For example in GW4 I'm planning to join long-haul and I was initially interested in A330/340 because of the flexibility with the different types but I'd have to wait at least 5-6 years for the frames to arrive. So I look around and find 767s, 777 or even A310s and DC10s available as a temporary alternative.


Offline JumboShrimp

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Re: New aircraft market and playability
« Reply #5 on: February 03, 2016, 10:55:01 PM »
I still feel like there is always an alternative. A new game world is a challenge and if I would not have started GW2 as early as I did, I likely would not join it now with an (essentially) empty used marked and long waiting times on most models. However, a new game is a special situation but even right now there is an alternative available with the Caravelle. Sure the early models are nothing to write home about but it's a start and you can keep ordering the improved versions as you grow slowly along.

But this is the time period when most players start, the time period when players who may have been in beginners world start a fresh new long world.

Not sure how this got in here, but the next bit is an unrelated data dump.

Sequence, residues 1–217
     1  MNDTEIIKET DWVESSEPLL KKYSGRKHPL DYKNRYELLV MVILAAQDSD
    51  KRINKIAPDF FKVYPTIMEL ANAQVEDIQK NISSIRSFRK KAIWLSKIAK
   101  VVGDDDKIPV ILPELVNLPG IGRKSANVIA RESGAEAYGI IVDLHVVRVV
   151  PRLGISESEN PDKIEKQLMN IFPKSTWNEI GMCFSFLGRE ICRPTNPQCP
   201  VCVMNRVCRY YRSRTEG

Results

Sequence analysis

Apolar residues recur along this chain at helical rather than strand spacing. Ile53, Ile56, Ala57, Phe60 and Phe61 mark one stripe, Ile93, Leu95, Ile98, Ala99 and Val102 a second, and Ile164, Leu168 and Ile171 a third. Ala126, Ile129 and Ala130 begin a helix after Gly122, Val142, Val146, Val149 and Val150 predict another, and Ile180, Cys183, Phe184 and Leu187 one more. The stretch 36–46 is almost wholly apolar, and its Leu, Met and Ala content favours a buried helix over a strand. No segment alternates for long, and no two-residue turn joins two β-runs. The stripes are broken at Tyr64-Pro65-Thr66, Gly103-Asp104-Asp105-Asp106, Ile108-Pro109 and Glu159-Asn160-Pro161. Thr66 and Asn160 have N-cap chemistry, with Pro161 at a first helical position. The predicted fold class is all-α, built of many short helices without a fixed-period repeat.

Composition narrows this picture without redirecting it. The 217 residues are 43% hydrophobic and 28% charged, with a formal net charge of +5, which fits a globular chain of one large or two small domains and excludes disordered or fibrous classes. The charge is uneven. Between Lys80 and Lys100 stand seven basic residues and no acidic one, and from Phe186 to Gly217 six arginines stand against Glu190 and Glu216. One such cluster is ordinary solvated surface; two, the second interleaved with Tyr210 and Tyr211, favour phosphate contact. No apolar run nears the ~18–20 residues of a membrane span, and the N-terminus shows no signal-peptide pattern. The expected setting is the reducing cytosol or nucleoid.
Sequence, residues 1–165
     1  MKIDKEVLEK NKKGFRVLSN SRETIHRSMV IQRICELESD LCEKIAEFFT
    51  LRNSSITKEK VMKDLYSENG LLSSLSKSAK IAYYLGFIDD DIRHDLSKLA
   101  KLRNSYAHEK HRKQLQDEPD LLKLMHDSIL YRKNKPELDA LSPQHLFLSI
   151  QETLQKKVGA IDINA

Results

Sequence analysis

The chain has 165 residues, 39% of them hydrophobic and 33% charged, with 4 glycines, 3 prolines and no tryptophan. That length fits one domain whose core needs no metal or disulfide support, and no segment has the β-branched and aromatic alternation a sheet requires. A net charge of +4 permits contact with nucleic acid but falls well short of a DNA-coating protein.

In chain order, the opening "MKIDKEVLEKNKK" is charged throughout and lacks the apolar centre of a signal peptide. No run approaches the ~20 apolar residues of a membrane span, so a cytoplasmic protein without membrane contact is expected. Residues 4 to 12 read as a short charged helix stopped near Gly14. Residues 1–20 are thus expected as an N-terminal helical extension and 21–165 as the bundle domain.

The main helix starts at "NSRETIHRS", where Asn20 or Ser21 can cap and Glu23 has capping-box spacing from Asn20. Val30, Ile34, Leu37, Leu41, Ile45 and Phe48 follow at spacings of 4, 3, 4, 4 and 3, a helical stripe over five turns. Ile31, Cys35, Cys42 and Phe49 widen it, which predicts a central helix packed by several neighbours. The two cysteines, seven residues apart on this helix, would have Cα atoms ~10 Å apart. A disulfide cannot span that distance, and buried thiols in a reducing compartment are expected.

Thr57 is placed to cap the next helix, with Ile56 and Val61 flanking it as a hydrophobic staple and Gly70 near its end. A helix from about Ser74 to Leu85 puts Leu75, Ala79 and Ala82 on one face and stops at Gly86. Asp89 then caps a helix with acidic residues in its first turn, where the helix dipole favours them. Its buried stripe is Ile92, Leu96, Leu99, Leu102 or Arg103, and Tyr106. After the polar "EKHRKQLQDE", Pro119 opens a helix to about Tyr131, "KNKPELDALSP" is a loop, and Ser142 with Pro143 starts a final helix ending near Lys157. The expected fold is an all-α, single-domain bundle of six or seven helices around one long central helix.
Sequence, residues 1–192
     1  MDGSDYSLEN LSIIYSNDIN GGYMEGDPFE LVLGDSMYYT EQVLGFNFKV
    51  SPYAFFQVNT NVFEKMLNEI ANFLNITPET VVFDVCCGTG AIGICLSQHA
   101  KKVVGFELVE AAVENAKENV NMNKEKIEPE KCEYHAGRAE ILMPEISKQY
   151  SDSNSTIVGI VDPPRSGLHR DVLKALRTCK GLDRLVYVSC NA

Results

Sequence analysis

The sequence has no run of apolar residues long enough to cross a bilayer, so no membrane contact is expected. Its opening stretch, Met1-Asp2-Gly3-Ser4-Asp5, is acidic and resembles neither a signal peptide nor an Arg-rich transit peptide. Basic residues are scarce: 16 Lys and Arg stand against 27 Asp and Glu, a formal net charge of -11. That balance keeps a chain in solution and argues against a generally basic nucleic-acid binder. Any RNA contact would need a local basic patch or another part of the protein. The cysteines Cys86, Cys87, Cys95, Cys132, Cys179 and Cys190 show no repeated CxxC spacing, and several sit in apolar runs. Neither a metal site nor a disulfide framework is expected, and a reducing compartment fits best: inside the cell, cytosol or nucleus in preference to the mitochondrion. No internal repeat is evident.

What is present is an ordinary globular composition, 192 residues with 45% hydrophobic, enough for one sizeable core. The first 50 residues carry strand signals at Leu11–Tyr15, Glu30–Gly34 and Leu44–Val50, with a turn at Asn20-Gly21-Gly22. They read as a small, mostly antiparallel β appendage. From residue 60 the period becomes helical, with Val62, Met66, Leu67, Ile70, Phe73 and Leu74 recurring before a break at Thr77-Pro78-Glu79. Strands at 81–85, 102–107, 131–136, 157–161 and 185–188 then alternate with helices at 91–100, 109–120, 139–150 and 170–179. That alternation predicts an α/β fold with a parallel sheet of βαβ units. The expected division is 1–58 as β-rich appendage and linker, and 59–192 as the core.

It's when you have the most players chasing the smallest number of aircraft.  A brute force approach could be to double or triple the size of the UM.  But IMO, far more elegant approach is to allow the new market to be allowed (not be artificially capped) to meet this demand.

I agree the rates should move along the real world example. However, availability can and should be a deciding factor for fleet planning and IMO it adds value to the game if a player is forced/prefers to order something different because of it. If we have Boeing and Airbus produce "whatever is needed" then it kills dynamic I'd expect.

There is already price that is very dynamic.

Also, the production line expansion, when it occurs, lets you place some orders, but you can never match the rate of deliveries of the half empty production line.  With various line compressions, you can get 2 large aircraft per month on half empty line, if you chose a popular line late in the game, you are paying 2x the price vs. the unpopular aircraft, and you get at best 1 aircraft per month.

And when the production line expand, the gaps open up at some point in the future, like a year or so, vs. getting an aircraft from half empty line in 6 months.